The last time the Oakland Raiders sold out Oakland Alameda County Coliseum was September 14, 2009 on the Monday night season opener against the San Diego Chargers.
The Raider faithful that filled Oakland Alameda County Coliseum yesterday were treated to an exhilarating and exhausting comeback overtime win against arch rival Kansas City.
The win was the first time the Raiders have won three in a row in the AFC West since 1990 and three in a row overall since their Super Bowl runner-up season of 2002. It has been a long time since a matchup between the Oakland Raiders and Kansas City Chiefs was relevant and meant so much to the AFC West.
Several milestones were reached as Oakland walked away with a improbable 23-20 overtime win behind rookie wide receiver Jacoby Ford's playmaking ability and kicker Sebastian Janikowski's 33-yard game-winning field goal.
The Raiders looked good defensively and kept the Kansas City running game in check, stuffing back to back 3rd-and-1 possessions to start the game and causing the Chiefs to punt twice. For the better part of four quarters, the Raiders defense hurried and harassed Chiefs quarterback Matt Cassel and forced him out of the pocket and to make plays with his legs.
The Oakland defense would end the day with three quarterback sacks, which is impressive when you consider that Kansas City has allowed the second fewest sacks with eight for the entire season. The Raider run defense was the difference maker and should be given all the credit for keeping the game close.
Kansas City never got its running game going and was forced to throw the ball in less then desirable weather conditions. When the Chiefs did go to the air they took advantage of Nnamdi Asomugha's absence and picked on veteran Chris Johnson whenever possible.
The Raider offense seemed to be out of sync and struggled to get anything going for most of the game. The offense took to the field and ran the "Wildcat" formation that highlighted red-hot running back Darren McFadden, who was coming off back-to-back 100-yard rushing games.
There is a glaring need for a legitimate wide receiver. Credit the loss of tight end Zack Miller, who can easily stretch defenses and open up the offensive attack. The emergence of rookie Jacoby Ford in crunch time and the fact that tackle Khalif Barnes has just as many touchdowns as No. 7 draft pick Darius Heyward-Bey speaks volumes. Even when Bey was targeted, he and the other receivers could not seem to hold on to the ball.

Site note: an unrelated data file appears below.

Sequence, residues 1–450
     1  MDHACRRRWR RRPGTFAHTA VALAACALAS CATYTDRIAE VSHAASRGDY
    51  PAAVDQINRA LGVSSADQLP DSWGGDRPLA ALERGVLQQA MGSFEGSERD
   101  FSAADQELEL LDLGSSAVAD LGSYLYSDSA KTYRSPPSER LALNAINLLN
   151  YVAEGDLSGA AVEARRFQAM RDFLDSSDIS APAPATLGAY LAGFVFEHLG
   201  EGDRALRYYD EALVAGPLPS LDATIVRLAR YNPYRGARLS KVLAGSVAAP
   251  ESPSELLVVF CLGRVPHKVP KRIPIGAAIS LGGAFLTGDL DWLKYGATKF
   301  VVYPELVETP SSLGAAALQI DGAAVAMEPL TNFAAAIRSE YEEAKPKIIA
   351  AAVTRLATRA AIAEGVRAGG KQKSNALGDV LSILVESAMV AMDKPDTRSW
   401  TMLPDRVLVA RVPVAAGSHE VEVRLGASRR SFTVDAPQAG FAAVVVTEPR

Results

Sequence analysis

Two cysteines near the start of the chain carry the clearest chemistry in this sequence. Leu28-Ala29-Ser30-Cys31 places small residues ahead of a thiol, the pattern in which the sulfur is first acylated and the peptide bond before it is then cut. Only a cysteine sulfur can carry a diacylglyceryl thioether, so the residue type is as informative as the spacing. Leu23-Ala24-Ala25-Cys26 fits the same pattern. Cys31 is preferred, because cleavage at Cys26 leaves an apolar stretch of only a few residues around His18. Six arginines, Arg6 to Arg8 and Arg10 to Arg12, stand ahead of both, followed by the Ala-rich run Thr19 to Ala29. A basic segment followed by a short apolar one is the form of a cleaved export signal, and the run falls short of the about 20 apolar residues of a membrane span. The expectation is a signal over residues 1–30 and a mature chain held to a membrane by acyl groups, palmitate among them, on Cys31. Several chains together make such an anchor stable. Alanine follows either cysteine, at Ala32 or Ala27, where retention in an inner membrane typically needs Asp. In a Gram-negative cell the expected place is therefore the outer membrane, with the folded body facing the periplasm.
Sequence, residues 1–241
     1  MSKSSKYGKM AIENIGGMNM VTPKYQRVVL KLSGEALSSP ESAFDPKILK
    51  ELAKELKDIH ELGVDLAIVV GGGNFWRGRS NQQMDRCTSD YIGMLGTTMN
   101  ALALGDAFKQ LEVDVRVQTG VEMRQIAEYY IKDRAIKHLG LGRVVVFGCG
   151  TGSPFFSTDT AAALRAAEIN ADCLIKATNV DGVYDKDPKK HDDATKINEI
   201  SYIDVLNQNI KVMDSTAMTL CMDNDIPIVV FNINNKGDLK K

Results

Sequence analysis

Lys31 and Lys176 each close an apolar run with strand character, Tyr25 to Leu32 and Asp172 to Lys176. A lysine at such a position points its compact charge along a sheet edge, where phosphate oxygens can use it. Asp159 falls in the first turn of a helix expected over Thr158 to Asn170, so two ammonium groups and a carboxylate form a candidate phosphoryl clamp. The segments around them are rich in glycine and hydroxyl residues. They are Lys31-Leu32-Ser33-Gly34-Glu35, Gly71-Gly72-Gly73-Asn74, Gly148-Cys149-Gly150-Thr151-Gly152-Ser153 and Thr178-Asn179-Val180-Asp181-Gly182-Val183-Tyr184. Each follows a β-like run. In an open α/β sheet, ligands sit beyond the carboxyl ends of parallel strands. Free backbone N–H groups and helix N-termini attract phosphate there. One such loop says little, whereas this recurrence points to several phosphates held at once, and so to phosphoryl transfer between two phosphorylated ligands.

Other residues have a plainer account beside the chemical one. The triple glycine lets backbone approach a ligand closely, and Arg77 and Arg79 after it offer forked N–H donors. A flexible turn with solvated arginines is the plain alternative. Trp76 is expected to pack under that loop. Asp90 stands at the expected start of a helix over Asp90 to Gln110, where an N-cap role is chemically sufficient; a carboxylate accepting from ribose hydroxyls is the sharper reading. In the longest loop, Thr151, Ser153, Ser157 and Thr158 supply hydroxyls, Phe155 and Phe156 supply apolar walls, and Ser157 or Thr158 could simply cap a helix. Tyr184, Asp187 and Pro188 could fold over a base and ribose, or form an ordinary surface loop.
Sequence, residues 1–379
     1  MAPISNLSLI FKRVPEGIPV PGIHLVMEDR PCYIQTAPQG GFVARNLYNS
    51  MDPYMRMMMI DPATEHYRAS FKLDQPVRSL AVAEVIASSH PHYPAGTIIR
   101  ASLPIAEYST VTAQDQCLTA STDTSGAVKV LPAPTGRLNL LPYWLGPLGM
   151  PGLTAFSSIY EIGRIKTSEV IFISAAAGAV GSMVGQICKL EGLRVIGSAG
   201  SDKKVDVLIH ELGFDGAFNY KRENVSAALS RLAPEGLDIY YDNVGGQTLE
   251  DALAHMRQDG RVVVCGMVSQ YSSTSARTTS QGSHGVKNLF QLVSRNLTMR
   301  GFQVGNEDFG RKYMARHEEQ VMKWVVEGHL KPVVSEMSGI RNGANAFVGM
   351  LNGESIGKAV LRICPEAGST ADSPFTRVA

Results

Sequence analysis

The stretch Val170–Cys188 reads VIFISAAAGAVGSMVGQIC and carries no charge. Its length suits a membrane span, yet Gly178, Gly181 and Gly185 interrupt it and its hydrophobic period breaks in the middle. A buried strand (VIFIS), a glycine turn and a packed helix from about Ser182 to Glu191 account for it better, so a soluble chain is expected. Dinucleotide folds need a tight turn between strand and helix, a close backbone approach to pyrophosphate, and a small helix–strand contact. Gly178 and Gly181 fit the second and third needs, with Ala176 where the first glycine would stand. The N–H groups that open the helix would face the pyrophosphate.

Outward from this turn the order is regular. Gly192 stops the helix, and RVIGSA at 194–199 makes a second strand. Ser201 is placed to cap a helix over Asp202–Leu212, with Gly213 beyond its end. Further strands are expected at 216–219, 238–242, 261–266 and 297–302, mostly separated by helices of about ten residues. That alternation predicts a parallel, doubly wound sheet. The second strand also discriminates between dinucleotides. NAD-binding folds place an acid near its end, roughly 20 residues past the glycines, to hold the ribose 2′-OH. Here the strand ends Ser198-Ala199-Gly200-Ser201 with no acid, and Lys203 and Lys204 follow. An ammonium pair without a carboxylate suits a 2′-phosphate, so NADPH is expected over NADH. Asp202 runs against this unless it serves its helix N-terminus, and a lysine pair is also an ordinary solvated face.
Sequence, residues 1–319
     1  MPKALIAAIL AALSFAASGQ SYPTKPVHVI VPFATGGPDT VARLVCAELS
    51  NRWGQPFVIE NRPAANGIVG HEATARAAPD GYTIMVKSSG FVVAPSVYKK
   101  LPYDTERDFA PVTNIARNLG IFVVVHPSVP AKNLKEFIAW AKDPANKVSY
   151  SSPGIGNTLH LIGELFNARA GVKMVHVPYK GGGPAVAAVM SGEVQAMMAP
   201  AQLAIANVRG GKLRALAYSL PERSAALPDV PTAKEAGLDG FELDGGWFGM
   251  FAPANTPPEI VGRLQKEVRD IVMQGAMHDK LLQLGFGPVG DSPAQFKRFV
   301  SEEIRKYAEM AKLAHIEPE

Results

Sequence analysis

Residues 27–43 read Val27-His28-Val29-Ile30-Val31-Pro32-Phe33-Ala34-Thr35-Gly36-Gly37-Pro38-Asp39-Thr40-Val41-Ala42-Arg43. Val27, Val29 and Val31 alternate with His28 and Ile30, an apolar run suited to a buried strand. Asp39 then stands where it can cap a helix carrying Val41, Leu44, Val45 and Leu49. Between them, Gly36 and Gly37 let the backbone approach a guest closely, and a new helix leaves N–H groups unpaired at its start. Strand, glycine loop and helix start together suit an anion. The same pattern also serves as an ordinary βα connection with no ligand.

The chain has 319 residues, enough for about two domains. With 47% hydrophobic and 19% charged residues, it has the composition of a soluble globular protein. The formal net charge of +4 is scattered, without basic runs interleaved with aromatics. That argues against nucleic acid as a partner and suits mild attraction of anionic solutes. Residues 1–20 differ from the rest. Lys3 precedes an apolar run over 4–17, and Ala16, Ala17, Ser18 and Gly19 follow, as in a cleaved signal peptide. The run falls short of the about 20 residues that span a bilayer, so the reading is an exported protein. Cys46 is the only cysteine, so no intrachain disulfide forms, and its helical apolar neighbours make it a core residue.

Make no mistake about it; Jacoby Ford was the difference maker in this game. His kickoff return for a touchdown to open up the second half seemed to breathe life back in to the team and the sullen crowd.
But Ford saved his best work for last as he rose to the occasion and singlehandedly snatched defeat from the waiting hands of a Kansas City defensive back and pulled down a catch that would lead to the game-tying field goal from earlier goat Sebastian Janikowski.
Ford's touchdown return was the longest since the team moved back to Oakland and his 148 receiving yards and 158 kickoff return yards made him only the second player in NFL history to have at least 140 receiving yards and 150 kickoff return yards in the same game. The other was Gary Ballman, who on Nov. 17, 1963 had 161 receiving yards and 159 kick return yards for the Steelers.
After another Ford catch in overtime, kicker Sebastian Janikowski trotted out to the field and nailed a 33-yard field goal to seal the game, and end a seven-game home losing streak to the Chiefs.
The win was ugly, but it was a win that both the team and the Raider nation desperately needed. The fans had endured so many ups and downs during the game that included everything from turnovers to referee blunders. It was a moment that seemed to legitimize the efforts of a team that at times could not seem to get out of its own way.
The Raiders go into a bye week and are left with several questions that must be addressed before they hit the road and face the Pittsburgh Steelers.
Who exactly is the starting quarterback? Jason Campbell has stepped up and guided the team to three consecutive victories, but he has done so on the shoulders of Darren McFadden and the Raider running game. Campbell still looks lost at times and has trouble finding the open receiver.
As each week passes, incumbent Bruce Gradkowski grows healthier and awaits his chance to reclaim his starting position and add that spark to the team that only he can provide.
Also, there is a glaring need for a wide receiver to step up and solidify himself as the “go to Guy." Ford was impressive, but can he be counted on week after week to carry the load?
Darius Heyward-Bey is an enigma and week to week his Houdini act only leaves fans and coaches scratching their heads and wondering exactly who and what he is. He was targeted five times and ended the day with no catches. When will it be DHB's turn to step up and prove that the Raiders did not waste their pick when they selected him seventh overall in the 2009 draft?
Lastly, the organization needs to hold players accountable and make a genuine effort to drastically cut down on the penalties. When was the last time the label, "the most penalized team in the NFL" did not belong to the Oakland Raiders. Not only does it show the immaturity and lack of concentration of the team, but it also enables opponents to get back in to the game and gain momentum.
But for now Raider fans, enjoy this victory. It has been a long hard road, and many of you weathered it without ever waning. Yes, you true Raider Faithful have suffered for nearly a decade while your team underachieved and sank deep into the depths of inconsistent play and shattered expectations.
This win may signify a change not only in attitude but in performance and culture. The Raiders proved recently that they can win big, and suck it up and win ugly. This change is like a strong wind, and it is an autumn wind at that.